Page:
Günter Müller is well-known as a drummer, although he has been known to play 'electronics, mini disc and ipod' for some time too alongside his own system of making live transformations of his drum sound. Like said, solo recordings are quite sparse for him. On 'Reframed' he has five pieces which he made of processing bowed cymbals. That probably leads the reader to the world of subtle drone music, and so does the music. Deep sounding of faint traces of endlessly sustaining sounds of cymbals. It's a bit unclear how he did it, which I believe is not really of big importance anyway, but it seems to me various layers of the same sound, which have been subtly treated accordingly. The all sound at the same time, but very carefully Müller changes the mix between the various layers and builds not a very intense piece of music, but rather a highly atmospherical mix of layers. A great disc, and a big surprise. It marks a difference between his solo work and that of Müller as an improviser and should easily appeal to those who love Mirror, Ora and such like. (FdW)
Address: http://cut.fm

KOJI ASANO - TRIO SUITES NO.1-NO.3 (CD by Solstice)
The music by Koji Asano never ceases to surprise me. That would be the classic opening line for a review of his music, hadn't he been already releasing a couple of classically composed albums by now. So his first trio suite CD, with 'No. 1', 'No. 2' and 'No. 3' is not a surprise, but a nightmare to review, again. Like his previous classical CDs, I have no clue what to say. The trio here is piano, oboe and cello and two of the pieces last ten minutes and one fifteen. My point of reference (and most likely that of my fellow writers) is zero. It's not that I don't like classical music as such, although rarely played here, but to 'judge' it is something wholly different. To me it sounds a bit baroque rather than romantic, but hey, who am I? I surely liked it when I played it. I read the newspaper, drank coffee, looked outside and thought: well, it's kind of alright. But will I play it again? Not very likely, as this simply operates too far out of what I usually like and would play for fun. (FdW)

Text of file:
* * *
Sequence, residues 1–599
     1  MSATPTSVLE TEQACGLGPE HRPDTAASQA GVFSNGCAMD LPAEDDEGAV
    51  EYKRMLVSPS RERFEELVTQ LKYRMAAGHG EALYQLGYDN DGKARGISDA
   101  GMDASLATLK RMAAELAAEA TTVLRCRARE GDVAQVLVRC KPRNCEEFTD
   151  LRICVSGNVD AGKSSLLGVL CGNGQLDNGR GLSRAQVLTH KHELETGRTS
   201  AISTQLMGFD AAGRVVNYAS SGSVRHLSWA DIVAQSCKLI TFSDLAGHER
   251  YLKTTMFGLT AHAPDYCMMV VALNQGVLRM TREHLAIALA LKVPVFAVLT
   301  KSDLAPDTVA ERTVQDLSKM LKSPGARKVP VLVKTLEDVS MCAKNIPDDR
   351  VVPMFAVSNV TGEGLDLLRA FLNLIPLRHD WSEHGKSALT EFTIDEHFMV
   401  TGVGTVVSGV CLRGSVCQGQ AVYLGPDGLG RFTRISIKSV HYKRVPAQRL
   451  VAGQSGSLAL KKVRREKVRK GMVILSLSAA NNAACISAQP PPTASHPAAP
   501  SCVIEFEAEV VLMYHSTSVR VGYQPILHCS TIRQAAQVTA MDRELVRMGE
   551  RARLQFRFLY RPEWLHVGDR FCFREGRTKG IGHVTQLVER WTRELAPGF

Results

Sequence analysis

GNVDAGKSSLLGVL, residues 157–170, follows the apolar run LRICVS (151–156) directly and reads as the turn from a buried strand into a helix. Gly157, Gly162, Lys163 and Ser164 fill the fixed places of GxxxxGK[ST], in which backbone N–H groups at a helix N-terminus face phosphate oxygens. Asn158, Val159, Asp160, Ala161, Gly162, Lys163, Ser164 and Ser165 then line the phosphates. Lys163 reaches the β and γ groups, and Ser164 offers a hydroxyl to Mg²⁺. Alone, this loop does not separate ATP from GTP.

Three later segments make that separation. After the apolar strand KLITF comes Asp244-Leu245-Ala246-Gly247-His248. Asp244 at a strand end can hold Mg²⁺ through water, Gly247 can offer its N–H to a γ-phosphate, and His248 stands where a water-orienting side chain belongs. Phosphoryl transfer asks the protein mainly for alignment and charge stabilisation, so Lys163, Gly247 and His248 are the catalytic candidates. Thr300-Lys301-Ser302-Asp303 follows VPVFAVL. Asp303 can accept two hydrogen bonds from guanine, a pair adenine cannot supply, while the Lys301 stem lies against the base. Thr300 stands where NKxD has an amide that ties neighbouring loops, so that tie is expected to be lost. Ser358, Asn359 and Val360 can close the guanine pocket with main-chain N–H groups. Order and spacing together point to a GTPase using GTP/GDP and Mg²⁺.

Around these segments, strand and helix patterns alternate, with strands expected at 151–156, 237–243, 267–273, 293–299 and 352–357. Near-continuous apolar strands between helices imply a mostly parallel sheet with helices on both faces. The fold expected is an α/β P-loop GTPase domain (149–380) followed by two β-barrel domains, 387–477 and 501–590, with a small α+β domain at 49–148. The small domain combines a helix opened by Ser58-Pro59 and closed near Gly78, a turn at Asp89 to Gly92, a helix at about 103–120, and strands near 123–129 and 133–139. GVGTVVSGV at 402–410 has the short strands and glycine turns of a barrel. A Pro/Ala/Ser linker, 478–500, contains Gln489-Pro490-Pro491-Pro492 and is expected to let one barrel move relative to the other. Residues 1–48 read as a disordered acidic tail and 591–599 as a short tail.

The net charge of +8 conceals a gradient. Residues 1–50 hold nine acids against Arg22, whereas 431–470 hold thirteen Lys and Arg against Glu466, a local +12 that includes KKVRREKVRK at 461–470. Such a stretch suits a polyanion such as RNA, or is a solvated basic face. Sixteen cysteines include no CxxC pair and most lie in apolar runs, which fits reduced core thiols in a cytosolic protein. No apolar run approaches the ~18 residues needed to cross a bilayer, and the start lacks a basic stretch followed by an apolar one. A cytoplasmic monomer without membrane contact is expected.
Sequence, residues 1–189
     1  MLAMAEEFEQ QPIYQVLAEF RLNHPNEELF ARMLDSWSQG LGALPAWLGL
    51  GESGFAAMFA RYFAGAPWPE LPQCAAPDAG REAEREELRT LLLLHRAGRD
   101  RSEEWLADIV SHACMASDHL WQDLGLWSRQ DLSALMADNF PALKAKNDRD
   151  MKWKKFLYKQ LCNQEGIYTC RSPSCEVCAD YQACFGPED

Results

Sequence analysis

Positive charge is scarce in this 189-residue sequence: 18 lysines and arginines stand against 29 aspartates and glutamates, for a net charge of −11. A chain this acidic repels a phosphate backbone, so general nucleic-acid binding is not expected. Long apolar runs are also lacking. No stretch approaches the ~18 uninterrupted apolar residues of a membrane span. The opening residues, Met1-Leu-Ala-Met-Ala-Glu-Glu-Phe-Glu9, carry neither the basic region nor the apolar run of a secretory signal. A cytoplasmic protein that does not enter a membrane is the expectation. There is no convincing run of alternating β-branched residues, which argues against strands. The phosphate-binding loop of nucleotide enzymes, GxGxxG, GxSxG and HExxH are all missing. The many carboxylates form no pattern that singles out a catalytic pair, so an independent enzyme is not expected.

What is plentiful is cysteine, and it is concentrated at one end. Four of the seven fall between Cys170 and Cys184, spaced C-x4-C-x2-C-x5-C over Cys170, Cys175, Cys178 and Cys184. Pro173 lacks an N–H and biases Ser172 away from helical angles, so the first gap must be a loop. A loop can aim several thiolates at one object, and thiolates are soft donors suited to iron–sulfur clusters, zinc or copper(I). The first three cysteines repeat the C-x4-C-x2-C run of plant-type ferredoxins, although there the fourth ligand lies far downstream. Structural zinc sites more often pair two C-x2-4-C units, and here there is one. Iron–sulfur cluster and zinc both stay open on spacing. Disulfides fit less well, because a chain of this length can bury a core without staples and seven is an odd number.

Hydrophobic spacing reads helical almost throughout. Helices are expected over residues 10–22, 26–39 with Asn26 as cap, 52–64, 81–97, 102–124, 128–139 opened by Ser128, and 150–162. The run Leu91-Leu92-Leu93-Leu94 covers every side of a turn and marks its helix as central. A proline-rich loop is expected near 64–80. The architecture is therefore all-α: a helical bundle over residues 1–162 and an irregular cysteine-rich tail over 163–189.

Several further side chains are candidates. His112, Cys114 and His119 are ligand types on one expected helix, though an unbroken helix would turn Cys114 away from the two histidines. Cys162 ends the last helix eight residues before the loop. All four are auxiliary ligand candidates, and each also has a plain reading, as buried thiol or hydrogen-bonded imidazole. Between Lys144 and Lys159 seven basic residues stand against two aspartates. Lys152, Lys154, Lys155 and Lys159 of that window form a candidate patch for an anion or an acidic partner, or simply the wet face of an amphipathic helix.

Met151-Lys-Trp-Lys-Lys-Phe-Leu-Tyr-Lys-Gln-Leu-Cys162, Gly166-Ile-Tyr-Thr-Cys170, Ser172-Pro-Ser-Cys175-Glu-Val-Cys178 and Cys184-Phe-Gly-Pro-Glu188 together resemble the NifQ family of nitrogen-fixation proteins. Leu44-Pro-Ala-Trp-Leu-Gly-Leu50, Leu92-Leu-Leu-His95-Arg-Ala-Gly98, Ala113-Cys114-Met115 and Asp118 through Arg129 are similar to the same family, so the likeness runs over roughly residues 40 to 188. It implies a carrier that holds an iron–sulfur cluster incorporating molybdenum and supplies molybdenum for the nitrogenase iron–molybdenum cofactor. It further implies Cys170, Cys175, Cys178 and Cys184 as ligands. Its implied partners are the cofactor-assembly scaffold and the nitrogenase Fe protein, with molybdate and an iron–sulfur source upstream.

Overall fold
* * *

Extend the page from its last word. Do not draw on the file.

Address: http://www.kojiasano.com

MICHEAL EVANS & JEFF ARNAL - MEJA (CD by C3R Records)
JESSE STEWART - MUSIC FOR FOUND OBJECTS (CD by C3R Records)
Two albums of improvisation and two albums of percussive sounds. And all three are new names for me. Micheal Evans and Jeff Arnal hail from New York where they make their marks on the improvisation scene. They both play conventional drum kits and they play it in a rather conventional manner. I must admit I do like improvised music on compact disc, even when it's usually better live, but I have a problem with this one. It starts out vivid and wild, but in this endless stream of percussion sounds it needs a point of quietness, but they keep rolling on. Half the tracks would have had the same impact, or perhaps even a bigger one, as far as I'm concerned.
Of more interest I think is the disc by Jesse Stewart (who is from Canada) who plays percussive music on a bunch of found objects, such as metal, stone and objects in water. Moving away from the conventional percussive music, Stewart plays nine short, and highly diverse pieces of music. Carefully strumming the objects, finding sounds and exploring them. Ringing and sustaining by repetitive playing, this is a great work. The works are placed not in three blocks but mixed together, so that the diversity is maintained throughout this work. Not quite onkyo as Stewart doesn't too much silence or plays the real drum kit in a different way, but Stewart has his own way of approaching the percussion at hand, and in doing so, he is spot on. Great CD! (FdW)
Address: http://www.c3r.ca

TAIJI POLE - TAIJI POLE (CD by High Mayhem)
OUT OF CONTEXT - WENOMADMEN (CD by High Mayhem)
GRILLY BIGGS - NEW ORLEANS-KATRINA = SANTA FE + CHICAGO (CD by High Mayhem)
HIGH MAYHEM FESTIVAL 2005 (CD by High Mayhem)